• highenderhighender Registered User Posts: 17 New Member
    As a parent with one in college and one applying to top schools, I went to one top school and one grad school, and also served as admissions officer for one school, as well as student scholarship interviewer for another .

    1- Try to get the best scores you can on SAT , ACT, and others.
    2- Try to improve., but realize that you may hit plateau.

    3- Try to get the best grades you can, and concentrate and focus on your homework.
    Top colleges like higher GPA, though I have admitted some with 3,5 or lower , due to excellent EC (extracurricular)

    4- Essays need to tell us what kind of person you are, what passion, what made you realize or matured at this point.

    Worst essays are the ones which rehash your wanting to go to college or rehashing lots of extracurricular work, unless that EC made you suddenly aware of a life lesson .

    5- Student leadership, attitude, motivation, and self starters or people who showed creativity in one area , is definitely good.


    GOOD luck.

  • ZucchiniSoupZucchiniSoup Registered User Posts: 272 Junior Member
    @BPearlman97‌ Your math is a little bit off for that statistic, I think it needs to be billion instead of million.
  • skysunseaskysunsea Registered User Posts: 17 New Member
    1. Do not underestimate yourself. If there is a school that seems a little bit "out of your league" but that you would really like to attend if they accepted you, give it a shot. Take the risk. It's always worth it.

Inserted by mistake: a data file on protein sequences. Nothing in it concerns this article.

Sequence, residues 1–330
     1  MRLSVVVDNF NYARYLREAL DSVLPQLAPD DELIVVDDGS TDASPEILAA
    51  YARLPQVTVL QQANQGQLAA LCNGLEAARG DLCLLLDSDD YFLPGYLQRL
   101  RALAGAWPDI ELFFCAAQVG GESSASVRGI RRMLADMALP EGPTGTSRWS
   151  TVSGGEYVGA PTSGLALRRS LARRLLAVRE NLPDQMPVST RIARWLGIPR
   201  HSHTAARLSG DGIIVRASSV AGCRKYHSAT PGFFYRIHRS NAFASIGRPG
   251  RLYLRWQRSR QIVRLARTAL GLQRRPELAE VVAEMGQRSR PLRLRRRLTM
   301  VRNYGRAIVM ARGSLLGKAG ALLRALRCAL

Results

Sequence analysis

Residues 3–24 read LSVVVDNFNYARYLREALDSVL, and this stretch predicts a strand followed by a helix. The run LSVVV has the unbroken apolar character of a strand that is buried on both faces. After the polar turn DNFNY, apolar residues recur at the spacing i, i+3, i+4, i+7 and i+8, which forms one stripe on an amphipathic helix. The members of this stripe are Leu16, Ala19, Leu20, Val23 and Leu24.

2. Give yourself plenty of time. Know all the deadlines and application requirements for each of the schools you apply to. Do not save anything to the last minute. This is your future on the line.
    3. Do not follow friends or boyfriends/girlfriends. Make the decision that is best for you and for your career.
    4. Know what you want. Start visiting colleges before senior year so that you can experience different campus sizes, different types of schools, and different atmospheres. You don't want to end up with a wide variety of very different schools and no clear direction.
    5. Narrow your list to fewer schools. You are most likely going to want to apply to too many schools. In reality, if you know what you are looking for (and hopefully you do -- try your best to figure this out as soon as possible), then you don't need to apply to more than five or six schools.